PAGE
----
In Jesus’ day, there was a strong divide between the Israelites and the Samaritans. We can see this by the fact that the Gospels have multiple references to it, including the parable of the Good Samaritan and the story of the Samaritan woman at the well. In that time, Israelites took extra effort to travel around – not through – Samaria, to avoid mixing with the people.
A modern equivalent could be the divide between Irish Catholics and Ulster Protestants. We Americans know about The Troubles, the violent conflict punctuated by bombings and assassinations carried out by the more extreme elements of both sides. But even those who may not ever never have taken up arms can still have prejudices and anger toward the other group. A friend of mine grew up with such a mindset. His family would never travel through the Republic of Ireland if they could avoid it, even if “avoiding it” meant hundreds of extra miles. If they had to go to the Republic for any reason, they packed a lunch, topped up the gas tank, and brought supplies with them to ensure they wouldn’t have to give a penny to the Irish. This animosity, this distrust was centuries in the making, but it was very personal to them.
Still, God’s work cuts through even divisions so strong as that. Today, this friend not only lives in Dublin, but he works in ministry to the Irish. Not only ministry, but very personal, relational ministry. He is a part of the community in a way that no outsider should be able to be – especially an outsider with his background. And he’s been at it for years, with no sign of slowing down. His story amazes me, as only God’s sanctifying work could bring about such things.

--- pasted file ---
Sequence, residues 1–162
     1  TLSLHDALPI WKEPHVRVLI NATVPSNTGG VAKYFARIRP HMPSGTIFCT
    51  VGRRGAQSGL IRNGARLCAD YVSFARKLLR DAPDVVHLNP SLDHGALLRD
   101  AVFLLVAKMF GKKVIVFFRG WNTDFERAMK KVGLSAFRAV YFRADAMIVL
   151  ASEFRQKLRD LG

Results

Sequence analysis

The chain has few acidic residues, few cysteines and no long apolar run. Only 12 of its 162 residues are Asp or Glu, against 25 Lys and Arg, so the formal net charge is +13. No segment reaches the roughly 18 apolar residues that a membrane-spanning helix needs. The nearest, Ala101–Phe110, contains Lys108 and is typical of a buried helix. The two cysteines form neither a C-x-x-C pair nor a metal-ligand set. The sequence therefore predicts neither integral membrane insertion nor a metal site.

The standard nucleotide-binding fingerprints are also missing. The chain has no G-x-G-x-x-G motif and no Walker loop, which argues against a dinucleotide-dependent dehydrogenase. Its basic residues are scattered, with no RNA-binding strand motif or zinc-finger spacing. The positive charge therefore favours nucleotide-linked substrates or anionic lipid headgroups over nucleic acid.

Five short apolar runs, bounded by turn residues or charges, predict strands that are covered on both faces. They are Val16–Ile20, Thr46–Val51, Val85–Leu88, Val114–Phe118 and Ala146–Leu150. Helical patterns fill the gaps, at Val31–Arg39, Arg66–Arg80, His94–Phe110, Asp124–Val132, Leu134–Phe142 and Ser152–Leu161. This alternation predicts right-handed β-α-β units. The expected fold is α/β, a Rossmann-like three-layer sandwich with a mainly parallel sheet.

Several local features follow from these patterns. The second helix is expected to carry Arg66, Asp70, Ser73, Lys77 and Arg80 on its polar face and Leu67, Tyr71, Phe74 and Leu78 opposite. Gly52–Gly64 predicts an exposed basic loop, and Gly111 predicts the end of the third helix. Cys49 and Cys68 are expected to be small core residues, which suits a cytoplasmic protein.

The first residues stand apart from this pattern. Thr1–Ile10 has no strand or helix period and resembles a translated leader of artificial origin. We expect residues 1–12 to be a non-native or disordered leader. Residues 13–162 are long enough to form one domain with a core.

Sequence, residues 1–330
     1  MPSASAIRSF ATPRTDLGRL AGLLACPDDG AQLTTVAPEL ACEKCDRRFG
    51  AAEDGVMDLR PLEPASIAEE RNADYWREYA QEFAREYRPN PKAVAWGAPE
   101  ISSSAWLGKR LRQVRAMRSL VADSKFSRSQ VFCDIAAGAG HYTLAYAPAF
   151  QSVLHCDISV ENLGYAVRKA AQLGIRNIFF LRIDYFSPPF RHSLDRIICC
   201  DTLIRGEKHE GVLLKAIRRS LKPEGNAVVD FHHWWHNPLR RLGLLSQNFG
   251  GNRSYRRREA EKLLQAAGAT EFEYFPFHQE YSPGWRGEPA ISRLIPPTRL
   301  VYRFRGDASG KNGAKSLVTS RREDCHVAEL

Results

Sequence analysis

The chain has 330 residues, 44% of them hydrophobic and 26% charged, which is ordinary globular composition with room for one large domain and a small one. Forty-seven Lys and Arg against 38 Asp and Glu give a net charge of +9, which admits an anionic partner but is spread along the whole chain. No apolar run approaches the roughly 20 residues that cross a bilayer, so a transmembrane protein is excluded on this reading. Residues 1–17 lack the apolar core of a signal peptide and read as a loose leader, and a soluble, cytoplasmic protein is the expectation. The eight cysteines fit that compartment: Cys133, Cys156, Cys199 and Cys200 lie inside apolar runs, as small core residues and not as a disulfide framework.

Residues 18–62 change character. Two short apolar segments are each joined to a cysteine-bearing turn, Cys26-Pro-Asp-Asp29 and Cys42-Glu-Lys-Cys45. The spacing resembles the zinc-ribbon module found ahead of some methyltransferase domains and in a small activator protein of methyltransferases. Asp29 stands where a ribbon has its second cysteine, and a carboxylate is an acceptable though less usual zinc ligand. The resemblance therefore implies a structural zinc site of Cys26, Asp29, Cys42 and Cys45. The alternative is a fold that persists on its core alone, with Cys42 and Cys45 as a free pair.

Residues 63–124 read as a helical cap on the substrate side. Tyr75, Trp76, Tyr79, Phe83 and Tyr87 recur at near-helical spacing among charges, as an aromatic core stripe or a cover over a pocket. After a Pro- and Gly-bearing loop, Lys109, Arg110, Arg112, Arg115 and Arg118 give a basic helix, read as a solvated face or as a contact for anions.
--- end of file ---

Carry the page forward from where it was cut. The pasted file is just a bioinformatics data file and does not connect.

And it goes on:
Words are powerful. One of the most powerful in the life of a Christian can be “never”. If you’ve started a sentence with “I would never…” or “I could never…”, it may be worthwhile to examine your thinking and motives in it. It’s also powerful because, well, God hears it. And often we find that the very things that we would or could never see ourselves doing become the things for which we have the strongest calling. It’s certainly the case for my friend from the North. It’s true of our family’s call to international ministry. It comes down to trusting: will I trust my own sense of what my life is for, or will I trust in what God has for me?
Look at 2 Corinthians 5:17, from the New American Standard Bible:
Therefore, if anyone is in Christ, he is a new creature; the old things passed away; behold, new things have come.
Old things, like our prejudices and our “never”s, may not vanish from our thinking, our words, or our actions right away. That brings us back to the processes of sanctification and transformation. But as we seek God, as we grow and mature in our faith, He will work out those areas where our mindset gets in the way. And if He is truly our sufficiency, the baggage we bring into the equation will become of little importance in the light of His work in our lives.
What are your “never”s?